Norman Foster unveils plans for elevated 'SkyCycle' bike routes in London
British architect Norman Foster has unveiled his proposal for cycle lanes in the sky above London. SkyCycle proposes a network of elevated bike paths above railway lines, allowing you to zip through town blissfully liberated from the roads.
The project, which has the backing of Network Rail and Transport for London, would see over 220km of car-free routes installed above London's suburban rail network, suspended on pylons above the tracks and accessed at over 200 entrance points. At up to 15 metres wide, each of the ten routes would accommodate 12,000 cyclists per hour and improve journey times by up to 29 minutes, according to the designers.
Lord Foster, who says that cycling is one of his great passions, describes the plan as “a lateral approach to finding space in a congested city.” “By using the corridors above the suburban railways we could create a world-class network of safe, car-free cycle routes that are ideally located for commuters.”
Developed by landscape practice Exterior Architecture, with Foster and Partners and Space Syntax, the proposed network would cover a catchment area of six million people, half of whom live and work within 10 minutes of an entrance. But its ambitions stretch beyond London alone.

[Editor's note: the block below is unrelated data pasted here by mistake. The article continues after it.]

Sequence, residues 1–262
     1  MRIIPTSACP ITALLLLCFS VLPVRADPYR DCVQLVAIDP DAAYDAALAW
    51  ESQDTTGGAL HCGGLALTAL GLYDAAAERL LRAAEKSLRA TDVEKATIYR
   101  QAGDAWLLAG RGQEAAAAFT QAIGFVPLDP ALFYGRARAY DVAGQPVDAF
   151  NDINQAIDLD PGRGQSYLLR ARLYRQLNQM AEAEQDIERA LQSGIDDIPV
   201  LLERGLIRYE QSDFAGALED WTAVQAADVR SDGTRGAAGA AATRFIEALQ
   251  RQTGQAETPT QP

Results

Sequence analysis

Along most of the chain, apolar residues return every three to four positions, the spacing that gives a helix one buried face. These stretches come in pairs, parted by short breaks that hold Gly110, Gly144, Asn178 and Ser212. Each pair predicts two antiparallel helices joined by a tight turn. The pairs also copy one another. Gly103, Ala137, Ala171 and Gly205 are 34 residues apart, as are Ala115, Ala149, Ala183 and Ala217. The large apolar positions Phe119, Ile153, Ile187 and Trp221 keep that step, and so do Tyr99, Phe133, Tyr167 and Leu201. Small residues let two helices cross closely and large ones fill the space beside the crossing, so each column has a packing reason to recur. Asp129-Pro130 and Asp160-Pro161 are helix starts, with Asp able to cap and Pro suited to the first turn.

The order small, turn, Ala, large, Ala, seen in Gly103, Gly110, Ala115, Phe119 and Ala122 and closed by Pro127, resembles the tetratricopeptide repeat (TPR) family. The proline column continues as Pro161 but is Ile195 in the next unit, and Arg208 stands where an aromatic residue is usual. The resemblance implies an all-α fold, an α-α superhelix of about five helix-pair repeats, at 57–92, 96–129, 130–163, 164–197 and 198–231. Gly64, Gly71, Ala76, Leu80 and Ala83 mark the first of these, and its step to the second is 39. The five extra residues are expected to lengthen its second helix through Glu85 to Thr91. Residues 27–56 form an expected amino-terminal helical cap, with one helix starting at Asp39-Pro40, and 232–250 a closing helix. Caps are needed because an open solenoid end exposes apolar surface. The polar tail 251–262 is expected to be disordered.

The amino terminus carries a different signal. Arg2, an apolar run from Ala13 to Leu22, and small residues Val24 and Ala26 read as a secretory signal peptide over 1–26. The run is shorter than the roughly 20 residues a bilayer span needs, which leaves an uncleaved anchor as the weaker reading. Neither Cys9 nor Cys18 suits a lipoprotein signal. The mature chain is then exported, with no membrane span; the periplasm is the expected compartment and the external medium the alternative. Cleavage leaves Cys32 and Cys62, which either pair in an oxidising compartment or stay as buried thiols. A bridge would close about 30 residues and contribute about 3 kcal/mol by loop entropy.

“The dream is that you could wake up in Paris and cycle to the Gare du Nord,” says Sam Martin of Exterior Architecture. “Then get the train to Stratford, and cycle straight into central London in minutes, without worrying about trucks and buses.”
Developed over the last two years, the initial idea came from the student project of one of Martin's employees, Oli Clark, who proposed a network of elevated cycle routes weaving in and around Battersea power station. “It was a hobby in the office for a while,” says Martin. “Then we arranged a meeting at City Hall with the deputy mayor of transport – and bumped into Boris in the lift.”
Bumping into Boris proved to be the catalyst that got the project moving.